Prospectus offers fresh hope

Arguments over whether the Government's attempt to unlock large-scale housing development by supporting the creation of three garden cities will make a lasting difference to the housing shortage will no doubt rumble on well beyond this Easter bank holiday.

Kate Lowe: Image HW
Kate Lowe: Image HW

But those concerned with reversing the damaging decline of landscaping and green space in development will find much to laud in the proposals, which crucially have received the immediate support of the Town & Country Planning Association - guardian of the original garden city vision.

Describing garden cities as a unique opportunity for local areas to, among other things, ensure "public services, green spaces and amenities are hardwired into design from the beginning," the Department for Communities & Local Government's prospectus Locally-Led Garden Cities stresses that their scale will enable the "attributes that people most value" - quality design, gardens, accessible green space near homes, access to employment and local amenities - to be "designed in from the outset."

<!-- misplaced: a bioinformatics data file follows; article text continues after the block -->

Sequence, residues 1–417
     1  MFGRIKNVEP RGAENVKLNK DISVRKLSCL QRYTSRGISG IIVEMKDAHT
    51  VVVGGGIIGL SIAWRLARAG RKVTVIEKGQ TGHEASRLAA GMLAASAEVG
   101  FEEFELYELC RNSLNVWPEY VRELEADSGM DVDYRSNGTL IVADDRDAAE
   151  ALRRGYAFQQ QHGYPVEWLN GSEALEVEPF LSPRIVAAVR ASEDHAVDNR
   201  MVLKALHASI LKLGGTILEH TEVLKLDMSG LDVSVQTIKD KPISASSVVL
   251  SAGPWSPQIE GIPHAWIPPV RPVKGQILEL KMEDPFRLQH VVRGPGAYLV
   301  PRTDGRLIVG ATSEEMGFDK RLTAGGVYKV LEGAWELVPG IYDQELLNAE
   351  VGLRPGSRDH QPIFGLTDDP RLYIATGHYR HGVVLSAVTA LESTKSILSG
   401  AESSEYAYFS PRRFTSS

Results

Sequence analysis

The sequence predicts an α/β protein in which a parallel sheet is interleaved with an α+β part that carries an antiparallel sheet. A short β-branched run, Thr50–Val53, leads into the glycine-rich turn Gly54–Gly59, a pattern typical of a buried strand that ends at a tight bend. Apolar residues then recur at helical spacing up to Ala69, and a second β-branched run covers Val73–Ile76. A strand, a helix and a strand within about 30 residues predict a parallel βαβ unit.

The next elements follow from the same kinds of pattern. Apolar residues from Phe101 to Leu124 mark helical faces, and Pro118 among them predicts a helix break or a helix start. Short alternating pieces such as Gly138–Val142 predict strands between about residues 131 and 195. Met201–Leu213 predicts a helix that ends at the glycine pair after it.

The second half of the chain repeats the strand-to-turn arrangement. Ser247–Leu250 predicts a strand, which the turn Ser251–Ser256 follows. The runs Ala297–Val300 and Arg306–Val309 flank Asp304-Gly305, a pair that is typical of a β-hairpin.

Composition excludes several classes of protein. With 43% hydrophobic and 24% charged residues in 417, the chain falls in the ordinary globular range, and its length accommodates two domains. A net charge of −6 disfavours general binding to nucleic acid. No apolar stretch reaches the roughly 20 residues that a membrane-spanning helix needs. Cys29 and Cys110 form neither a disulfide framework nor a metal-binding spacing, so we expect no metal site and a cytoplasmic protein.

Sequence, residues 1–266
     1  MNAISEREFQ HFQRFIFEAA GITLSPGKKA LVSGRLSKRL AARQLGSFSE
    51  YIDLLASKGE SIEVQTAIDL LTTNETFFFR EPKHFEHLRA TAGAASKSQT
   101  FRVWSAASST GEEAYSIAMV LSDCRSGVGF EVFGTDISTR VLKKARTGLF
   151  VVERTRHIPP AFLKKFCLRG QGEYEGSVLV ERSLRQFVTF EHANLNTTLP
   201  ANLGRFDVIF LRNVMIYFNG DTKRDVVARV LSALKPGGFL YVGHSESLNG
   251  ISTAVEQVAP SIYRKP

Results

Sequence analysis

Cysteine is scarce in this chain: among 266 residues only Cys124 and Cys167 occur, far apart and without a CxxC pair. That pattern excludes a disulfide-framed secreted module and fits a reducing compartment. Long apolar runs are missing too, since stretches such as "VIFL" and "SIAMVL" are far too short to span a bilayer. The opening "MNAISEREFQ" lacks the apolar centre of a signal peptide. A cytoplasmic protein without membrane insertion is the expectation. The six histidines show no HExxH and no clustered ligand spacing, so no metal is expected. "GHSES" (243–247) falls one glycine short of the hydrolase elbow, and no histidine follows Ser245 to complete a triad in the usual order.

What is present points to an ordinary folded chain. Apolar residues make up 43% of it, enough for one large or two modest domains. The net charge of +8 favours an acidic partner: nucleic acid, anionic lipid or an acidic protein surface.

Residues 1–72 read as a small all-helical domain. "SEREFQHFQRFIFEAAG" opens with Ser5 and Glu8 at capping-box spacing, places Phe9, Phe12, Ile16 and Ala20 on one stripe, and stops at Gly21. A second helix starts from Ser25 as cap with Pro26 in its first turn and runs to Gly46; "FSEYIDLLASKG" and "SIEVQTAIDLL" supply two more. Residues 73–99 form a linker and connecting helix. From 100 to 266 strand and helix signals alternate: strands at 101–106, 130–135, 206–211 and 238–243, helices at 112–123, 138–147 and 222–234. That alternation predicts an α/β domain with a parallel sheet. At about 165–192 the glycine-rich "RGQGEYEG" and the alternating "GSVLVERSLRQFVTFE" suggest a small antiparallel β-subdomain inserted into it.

But how do we ensure that recognition of the importance of landscape and plentiful green space makes it beyond the fine words of a Government document and into reality?

Interviewed for our report (see p17) just before publication of the prospectus, HTA amenity committee chairman Tim Edwards reminds us that in the run-up to the creation of the Olympic park, the horticulture and landscaping industries fought for the budget for landscaping to be ring-fenced, plant procurement to be brought forward and a champion to be appointed for green space. Add to that a trust with assets that can raise money to pay for landscape maintenance, as the TCPA's Julia Thrift argues, and we have a model that just might work.


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